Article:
There’s something about a toasted teacake.
Maybe it’s just me, but the whole soft bready nature, just a little bit of fruit – that hint of sweetness, but not too much – toasted and slathered in butter.
And it was a conversation at a gin tasting that put this idea in my head. Soaking the fruit in gin – or more specifically, gin and tonic. I was informed that a bakery in the north is going to be making G&T style teacakes. But as yet, nobody has confirmed that these buns are going ahead.
So, while we wait and see if these are going to be made available, I figured I should just go ahead and make my own. And also a variation on a theme: Negroni teacakes.
Oh yes, very boozy. Admittedly, adding booze means they don’t rise as speedily the second time so you’ll need to give them as long as you can. And you may need a little bit more flour, but I kind of think they’re worth it.
The teacake recipe is adapted from one Paul Hollywood, with a few tweaks – as well as an extra ingredient or two. And speaking of gin, something citrus heavy like Poetic License Old Tom, or indeed a juniper heavy gin like Tanqueray or Greenall’s London Dry would work beautifully. I used the latter in this recipe, alongside Franklin’s Indian Tonic Water.
Oh and in the Negroni? If you have it, try it with the Forest Gin Earl Grey. If you can stop drinking it anyway.
Gin & Tonic Teacakes
- 500 g Strong bread flour plus extra for dusting
- 10 g Salt
- 60 g Golden caster sugar
- 1 tsp ground cinnamon
- 8 g Instant yeast
- 50 g Unsalted butter softened
- 300 ml cool water you may not need all of it
- Vegetable oil for kneading
- 100 g Sultanas
- 100 g chopped mixed peel
- 35 ml Gin of your choice
- 100 ml Tonic of your choice
- Milk for brushing
Put the mixed peel and the sultanas in a bowl, add the gin and tonic.
Stir, cover, and let sit til you need them - this allows the fruit to soak up the booze.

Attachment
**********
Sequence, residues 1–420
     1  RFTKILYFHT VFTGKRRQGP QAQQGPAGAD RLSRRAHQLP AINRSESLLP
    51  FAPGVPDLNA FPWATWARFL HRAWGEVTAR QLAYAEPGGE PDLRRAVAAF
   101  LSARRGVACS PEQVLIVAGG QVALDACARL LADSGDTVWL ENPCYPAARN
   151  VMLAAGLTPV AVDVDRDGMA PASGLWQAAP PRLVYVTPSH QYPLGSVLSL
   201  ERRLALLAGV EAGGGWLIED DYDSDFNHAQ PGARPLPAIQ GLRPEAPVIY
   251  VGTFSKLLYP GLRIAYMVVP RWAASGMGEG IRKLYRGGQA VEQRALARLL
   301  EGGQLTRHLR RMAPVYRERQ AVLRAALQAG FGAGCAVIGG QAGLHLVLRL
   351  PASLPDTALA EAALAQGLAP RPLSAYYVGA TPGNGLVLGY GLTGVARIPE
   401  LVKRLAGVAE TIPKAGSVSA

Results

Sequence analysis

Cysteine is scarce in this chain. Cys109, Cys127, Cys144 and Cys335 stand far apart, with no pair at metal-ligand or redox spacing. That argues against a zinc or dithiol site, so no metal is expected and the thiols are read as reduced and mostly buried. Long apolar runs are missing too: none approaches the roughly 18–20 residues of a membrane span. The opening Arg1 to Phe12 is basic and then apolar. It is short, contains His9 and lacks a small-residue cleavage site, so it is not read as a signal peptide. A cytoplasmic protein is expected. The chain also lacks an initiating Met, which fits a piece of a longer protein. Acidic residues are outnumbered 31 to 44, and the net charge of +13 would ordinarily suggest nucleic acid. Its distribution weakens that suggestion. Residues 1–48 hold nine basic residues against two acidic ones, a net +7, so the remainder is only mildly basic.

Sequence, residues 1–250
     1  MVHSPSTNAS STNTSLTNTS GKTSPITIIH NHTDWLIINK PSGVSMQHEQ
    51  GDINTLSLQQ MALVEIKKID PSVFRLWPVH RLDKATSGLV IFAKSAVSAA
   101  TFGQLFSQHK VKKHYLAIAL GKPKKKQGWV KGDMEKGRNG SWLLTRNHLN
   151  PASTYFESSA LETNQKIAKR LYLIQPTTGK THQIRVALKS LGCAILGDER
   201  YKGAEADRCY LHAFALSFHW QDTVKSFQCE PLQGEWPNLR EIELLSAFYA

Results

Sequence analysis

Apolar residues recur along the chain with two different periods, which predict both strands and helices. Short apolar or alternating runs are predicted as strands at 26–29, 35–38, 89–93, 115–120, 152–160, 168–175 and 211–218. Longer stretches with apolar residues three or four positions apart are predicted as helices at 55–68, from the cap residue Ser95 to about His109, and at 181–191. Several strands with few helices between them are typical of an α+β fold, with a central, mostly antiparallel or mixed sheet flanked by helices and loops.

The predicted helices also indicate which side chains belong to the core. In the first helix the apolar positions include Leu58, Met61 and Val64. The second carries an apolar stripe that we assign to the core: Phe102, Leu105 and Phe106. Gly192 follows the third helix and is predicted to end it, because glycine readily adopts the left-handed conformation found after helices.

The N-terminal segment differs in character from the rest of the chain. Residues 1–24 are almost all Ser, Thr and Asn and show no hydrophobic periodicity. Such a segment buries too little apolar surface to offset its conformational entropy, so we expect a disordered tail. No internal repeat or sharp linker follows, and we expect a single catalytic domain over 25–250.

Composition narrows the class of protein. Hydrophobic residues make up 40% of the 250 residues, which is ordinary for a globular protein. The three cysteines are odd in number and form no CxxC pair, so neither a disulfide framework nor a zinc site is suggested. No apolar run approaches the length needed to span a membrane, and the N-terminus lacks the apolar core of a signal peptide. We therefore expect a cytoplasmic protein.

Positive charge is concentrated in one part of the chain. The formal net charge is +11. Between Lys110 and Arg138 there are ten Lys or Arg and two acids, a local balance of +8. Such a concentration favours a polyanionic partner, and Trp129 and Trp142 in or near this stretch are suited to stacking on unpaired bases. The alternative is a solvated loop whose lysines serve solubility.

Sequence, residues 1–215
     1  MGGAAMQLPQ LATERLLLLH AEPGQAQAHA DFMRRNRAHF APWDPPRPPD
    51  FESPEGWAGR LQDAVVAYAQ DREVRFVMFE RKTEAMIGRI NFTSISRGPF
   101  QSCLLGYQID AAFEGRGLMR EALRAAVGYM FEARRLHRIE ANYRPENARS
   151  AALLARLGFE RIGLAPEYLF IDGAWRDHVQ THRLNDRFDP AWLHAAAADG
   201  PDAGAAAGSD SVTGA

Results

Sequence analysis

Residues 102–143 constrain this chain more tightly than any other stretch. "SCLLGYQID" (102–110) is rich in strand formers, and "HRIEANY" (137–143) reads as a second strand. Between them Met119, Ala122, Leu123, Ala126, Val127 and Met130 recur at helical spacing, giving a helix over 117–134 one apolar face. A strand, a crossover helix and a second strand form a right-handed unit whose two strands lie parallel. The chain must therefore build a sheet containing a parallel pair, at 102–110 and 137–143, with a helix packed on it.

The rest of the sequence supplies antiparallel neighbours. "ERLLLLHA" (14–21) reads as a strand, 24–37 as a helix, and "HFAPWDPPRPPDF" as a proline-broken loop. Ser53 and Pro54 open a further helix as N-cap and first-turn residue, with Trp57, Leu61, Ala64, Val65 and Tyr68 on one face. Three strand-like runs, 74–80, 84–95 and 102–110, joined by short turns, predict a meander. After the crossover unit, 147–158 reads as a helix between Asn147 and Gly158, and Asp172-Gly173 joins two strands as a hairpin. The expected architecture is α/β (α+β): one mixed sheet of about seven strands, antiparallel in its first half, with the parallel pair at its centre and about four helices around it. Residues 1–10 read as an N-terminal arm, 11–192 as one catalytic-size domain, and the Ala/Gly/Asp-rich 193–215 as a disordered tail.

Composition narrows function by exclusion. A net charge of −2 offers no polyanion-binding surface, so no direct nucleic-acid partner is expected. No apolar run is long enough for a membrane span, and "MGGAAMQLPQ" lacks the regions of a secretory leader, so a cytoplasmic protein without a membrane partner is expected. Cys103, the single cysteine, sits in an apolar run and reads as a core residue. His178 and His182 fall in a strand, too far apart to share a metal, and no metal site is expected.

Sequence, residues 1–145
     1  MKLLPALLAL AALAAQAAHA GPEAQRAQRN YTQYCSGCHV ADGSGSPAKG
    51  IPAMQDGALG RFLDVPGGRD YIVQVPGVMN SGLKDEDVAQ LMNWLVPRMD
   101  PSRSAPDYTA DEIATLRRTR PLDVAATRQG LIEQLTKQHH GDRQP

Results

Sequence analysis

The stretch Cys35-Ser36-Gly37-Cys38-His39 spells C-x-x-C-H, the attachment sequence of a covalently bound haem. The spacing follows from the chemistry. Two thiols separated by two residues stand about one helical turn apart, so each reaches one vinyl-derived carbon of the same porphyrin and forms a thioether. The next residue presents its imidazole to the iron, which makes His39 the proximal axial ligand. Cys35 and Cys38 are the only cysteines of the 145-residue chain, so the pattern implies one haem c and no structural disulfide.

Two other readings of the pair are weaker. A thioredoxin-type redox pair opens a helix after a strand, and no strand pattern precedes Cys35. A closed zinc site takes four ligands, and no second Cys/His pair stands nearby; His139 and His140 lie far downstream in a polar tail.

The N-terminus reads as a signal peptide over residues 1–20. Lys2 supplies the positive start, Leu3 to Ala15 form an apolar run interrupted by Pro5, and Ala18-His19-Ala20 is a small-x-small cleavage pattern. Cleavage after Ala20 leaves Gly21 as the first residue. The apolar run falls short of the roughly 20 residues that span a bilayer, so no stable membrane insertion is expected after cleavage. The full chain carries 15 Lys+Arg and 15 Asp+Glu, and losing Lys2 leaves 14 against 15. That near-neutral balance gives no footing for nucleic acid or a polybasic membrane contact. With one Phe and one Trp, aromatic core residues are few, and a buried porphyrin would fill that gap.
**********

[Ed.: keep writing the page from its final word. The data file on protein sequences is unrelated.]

Acivate your yeast - add it to 1tsp of the sugar and 100ml of the water in a jug. Leave for ten minutes, until the yeast goes all frothy and excited.
Meantime, put the flour into a bowl.
Add the salt, sugar and cinnamon to one side of the bowl and the yeasty water to the other.
Add the butter and start to bring it together. The dough should be soft, but not wet.
Coat your work surface with a little oil to stop the dough sticking, then tip the dough out onto the work surface.
Knead it until it becomes soft and silky, then pop it back into the bowl, cover it with oiled clingfilm and leave it to rise for at least of 1 hour (more than this is fine).
Once the time is up and your dough is risen, line two baking trays with baking parchment.
Meantime,drain your fruit. Keep the liquid - you'll want that later.
Tip the dough out onto a floured surface, knead and stretch it out, and tip the fruit on top.
The fruit will be a little wet, so you may need a bit more time to mix it all in, and a little bit more flour.
Once everything is combined, divide the mixture into eight (or six if you're feeling greedy), roll into shape and place on the baking trays.
Cover again and leave to rise for at least an hour again.
Then preheat your oven to 180°C/Gas Mark 5.
Brush the teacakes with milk and put into the oven for 10-15 minutes.
When they're done and nice and golden, put them on a rack to cool, and brush them with the syrup left over from the fruit. This will make the top all sweet and sticky.
To make the Negroni version, simply swap the G&T for 35ml Gin, 35ml Campari and 35ml Vermouth, and 35ml water.